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Psychological & Social Issues

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This information was reviewed and approved by CJ Bathgate, PhD (3/1/2024).

Living with a chronic illness can be very challenging. Patients and their loved ones need to find healthy and constructive responses to the stress of living with a chronic illness. Sometimes, even with excellent coping skills and strong social support, patients and their family members may feel anxious or depressed.

Psychological and social issues include:

  • Anxiety
  • Depression
  • Coping Skills
  • Social Support
  • Giving Up Smoking
  • Insomnia
  • Memory & Other Cognitive Difficulties

 

Anxiety

Living with a chronic illness is stressful. It’s normal to feel worried or anxious at times. However, it’s important to seek treatment if anxiety becomes excessive. If symptoms of anxiety are interfering with your relationships, your ability to participate in your usual daily activities, or your sleep, this is a sign that you are likely to benefit from evaluation and treatment for anxiety.


Symptoms


Symptoms of anxiety include excessive worry and difficulty concentrating. Anxiety can also be a very physical experience that includes difficulty breathing, chest tightness, and dizziness.

 

Treatment


Treatment for anxiety can include medications, talk therapy, or both. Medications for anxiety include antidepressants, anxiolytics and other medications. Talk therapy may involve individual therapy or family therapy. Therapy may include developing new coping strategies and setting personal goals. Therapy also can provide support and encouragement for you and your family. You and your physician can choose which treatments suit you best.


Depression

Living with a chronic illness is stressful. It’s normal to depressed or down at times. However, it’s important to seek treatment if these feelings become excessive. If symptoms of depression are interfering with your relationships, your ability to participate in your usual daily activities, or your sleep, this is a sign that you are likely to benefit from evaluation and treatment for depression.

 

Symptoms


Symptoms of depression include physical symptoms such as fatigue and loss of appetite as well as poor concentration, difficulty experiencing pleasure, being unusually critical of yourself, feelings of worthlessness, and hopelessness.

 

Treatment


Treatment for depression can include medications, talk therapy, or both. Talk therapy may involve individual therapy or family therapy. Therapy may include developing new coping strategies and setting personal goals. Therapy also can provide support and encouragement for you and your family. You and your physician can choose which treatments suit you best.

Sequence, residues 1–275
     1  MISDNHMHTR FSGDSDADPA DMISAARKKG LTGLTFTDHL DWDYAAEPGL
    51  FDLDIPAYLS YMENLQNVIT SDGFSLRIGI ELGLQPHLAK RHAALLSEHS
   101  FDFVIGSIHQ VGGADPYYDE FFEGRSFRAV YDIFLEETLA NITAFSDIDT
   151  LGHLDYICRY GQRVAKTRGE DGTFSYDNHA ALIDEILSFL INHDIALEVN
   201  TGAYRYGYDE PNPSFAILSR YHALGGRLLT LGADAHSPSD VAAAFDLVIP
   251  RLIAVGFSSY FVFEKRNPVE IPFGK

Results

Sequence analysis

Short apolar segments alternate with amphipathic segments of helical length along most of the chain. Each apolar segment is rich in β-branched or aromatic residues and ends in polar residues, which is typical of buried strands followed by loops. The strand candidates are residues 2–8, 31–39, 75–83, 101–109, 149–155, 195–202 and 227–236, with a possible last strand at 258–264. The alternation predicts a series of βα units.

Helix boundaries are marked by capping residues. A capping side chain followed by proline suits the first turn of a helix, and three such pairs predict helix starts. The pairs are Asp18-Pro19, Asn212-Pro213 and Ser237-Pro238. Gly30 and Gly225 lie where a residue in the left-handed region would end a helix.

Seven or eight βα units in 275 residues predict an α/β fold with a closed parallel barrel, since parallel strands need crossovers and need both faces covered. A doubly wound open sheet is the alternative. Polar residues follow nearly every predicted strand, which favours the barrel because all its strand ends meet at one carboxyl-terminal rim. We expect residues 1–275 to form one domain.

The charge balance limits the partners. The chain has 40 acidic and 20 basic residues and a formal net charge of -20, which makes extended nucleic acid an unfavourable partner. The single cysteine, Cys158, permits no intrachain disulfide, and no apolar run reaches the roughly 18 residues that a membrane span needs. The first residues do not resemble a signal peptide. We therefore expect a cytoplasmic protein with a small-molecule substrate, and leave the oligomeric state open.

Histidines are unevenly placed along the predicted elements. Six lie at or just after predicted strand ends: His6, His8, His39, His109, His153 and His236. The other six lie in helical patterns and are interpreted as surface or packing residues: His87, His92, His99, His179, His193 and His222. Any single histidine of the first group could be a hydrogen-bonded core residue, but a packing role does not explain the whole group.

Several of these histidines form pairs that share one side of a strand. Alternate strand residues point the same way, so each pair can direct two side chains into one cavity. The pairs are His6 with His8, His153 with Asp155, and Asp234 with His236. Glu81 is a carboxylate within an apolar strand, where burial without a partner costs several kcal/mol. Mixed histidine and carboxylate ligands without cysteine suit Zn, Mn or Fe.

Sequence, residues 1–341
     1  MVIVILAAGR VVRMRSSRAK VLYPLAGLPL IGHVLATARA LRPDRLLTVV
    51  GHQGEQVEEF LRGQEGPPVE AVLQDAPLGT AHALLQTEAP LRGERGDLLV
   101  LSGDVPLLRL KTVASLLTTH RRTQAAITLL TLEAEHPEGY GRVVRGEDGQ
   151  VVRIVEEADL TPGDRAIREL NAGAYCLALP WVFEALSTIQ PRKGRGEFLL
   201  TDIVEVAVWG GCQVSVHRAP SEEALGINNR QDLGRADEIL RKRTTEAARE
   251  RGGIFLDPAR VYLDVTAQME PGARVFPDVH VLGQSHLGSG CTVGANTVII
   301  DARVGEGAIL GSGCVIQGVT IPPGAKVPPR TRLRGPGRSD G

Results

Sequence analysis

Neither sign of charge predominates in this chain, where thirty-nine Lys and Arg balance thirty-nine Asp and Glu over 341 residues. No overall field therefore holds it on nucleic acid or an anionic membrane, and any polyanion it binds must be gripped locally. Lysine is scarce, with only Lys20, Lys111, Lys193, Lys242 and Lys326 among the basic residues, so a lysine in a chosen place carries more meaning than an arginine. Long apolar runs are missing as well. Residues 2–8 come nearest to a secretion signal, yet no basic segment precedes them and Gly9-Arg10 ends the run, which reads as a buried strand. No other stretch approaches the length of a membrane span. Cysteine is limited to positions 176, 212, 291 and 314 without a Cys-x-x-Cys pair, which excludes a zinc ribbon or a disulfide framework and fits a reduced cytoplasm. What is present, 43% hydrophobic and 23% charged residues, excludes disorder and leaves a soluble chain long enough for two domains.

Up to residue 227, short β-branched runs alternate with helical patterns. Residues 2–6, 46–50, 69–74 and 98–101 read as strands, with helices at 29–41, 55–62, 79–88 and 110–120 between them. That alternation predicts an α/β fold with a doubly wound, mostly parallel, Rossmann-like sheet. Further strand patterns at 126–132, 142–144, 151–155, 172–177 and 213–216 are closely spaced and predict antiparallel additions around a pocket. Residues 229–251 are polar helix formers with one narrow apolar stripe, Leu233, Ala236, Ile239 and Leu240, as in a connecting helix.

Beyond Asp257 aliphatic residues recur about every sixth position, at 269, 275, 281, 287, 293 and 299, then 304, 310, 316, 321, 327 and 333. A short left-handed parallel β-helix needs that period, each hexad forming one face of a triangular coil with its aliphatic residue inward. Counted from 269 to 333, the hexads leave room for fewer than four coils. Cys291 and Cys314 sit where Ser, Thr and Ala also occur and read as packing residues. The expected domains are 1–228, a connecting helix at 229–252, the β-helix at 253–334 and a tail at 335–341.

Coping Skills

Coping skills help people manage stress. It’s important to be intentional about using your coping skills. Start by making the most of your existing coping skills, and then consider whether you need additional skills. If you need to develop additional coping skills, start exploring new things. Keep an open mind to learn which additional coping skills might work well for you.

Coping skills could be put into two broad categories: 1) activities, and 2) ways of thinking about stressful situations. Activities include things like reading, exercising, and breathing techniques. Ways of thinking about stressful situations include noticing and challenging automatic thoughts that tend to increase stress (such as jumping to negative conclusions), looking for positive aspects of difficult situations, and having a sense of humor.

You may need to “lighten your load” as part of coping with a chronic illness. Your time and energy are likely even more limited now than before you became ill. You may need to learn how to become comfortable saying “no” to requests from others. It’s okay (and, in fact, necessary) to prioritize your own self-care. 

It’s also important to recognize which aspects of your health condition are under your control. Meeting with your doctors, following through with medical recommendations, and utilizing your coping skills are important aspects of managing your health condition that are under your control.

Ultimately, it’s important to develop a variety of coping skills. If you need help developing additional coping skills, a therapist can work on this with you.

 

Social Support

Having a chronic illness can be isolating. One way to think about being diagnosed with a chronic illness is to think of it like being sent to live in a foreign country—against your will, suddenly, and by yourself. You have to learn a new medical “language and culture” specific to your illness. Your family and friends also have to learn about your illness in order to “visit” you in this foreign country and you will get lonely if don’t invite at least a few important people to join you on the journey.

Social support is helpful to all people, healthy or ill. In times of sickness, the need for support is even greater. Support can come from relatives, friends, other patients, medical and nursing staff, counselors, priests, ministers, and rabbis. The source of support is not as important as the feeling that adequate support is available.

Being ill often involves changes in relationships. You may have to depend on others a great deal more. It can be extremely difficult to accept help. Remember that relationships are a two-way street: you have supported and helped your friends and family members in the past, and now may be the time for you to allow them to support and help you. Accepting help is an important part of taking care of yourself.

Our Specialists

  • CJ Bathgate

    CJ Bathgate, PhD

  • Kristen E. Holm

    Kristen E. Holm, PhD, MPH

  • Jennifer Moyer Darr

    Jennifer Moyer Darr, LCSW